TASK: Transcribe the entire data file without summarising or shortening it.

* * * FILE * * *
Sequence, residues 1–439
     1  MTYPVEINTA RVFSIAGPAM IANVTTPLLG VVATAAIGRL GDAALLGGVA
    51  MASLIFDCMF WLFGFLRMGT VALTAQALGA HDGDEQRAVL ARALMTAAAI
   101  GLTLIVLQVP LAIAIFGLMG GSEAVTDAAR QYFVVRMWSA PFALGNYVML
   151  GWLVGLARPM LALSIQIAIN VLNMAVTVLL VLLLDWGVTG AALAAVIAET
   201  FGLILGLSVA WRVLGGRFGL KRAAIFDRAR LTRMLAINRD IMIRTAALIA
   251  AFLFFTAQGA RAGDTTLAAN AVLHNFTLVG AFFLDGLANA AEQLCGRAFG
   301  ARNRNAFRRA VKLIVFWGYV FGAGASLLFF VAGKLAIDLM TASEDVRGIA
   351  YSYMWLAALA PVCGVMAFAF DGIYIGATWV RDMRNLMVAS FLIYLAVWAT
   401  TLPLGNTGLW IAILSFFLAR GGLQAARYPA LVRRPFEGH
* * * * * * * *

Sequence, residues 1–439
     1  MTYPVEINTA RVFSIAGPAM IANVTTPLLG VVATAAIGRL GDAALLGGVA
    51  MASLIFDCMF WLFGFLRMGT VALTAQALGA HDGDEQRAVL ARALMTAAAI
   101  GLTLIVLQVP LAIAIFGLMG GSEAVTDAAR QYFVVRMWSA PFALGNYVML
   151  GWLVGLARPM LALSIQIAIN VLNMAVTVLL VLLLDWGVTG AALAAVIAET
   201  FGLILGLSVA WRVLGGRFGL KRAAIFDRAR LTRMLAINRD IMIRTAALIA
   251  AFLFFTAQGA RAGDTTLAAN AVLHNFTLVG AFFLDGLANA AEQLCGRAFG
   301  ARNRNAFRRA VKLIVFWGYV FGAGASLLFF VAGKLAIDLM TASEDVRGIA
   351  YSYMWLAALA PVCGVMAFAF DGIYIGATWV RDMRNLMVAS FLIYLAVWAT
   401  TLPLGNTGLW IAILSFFLAR GGLQAARYPA LVRRPFEGH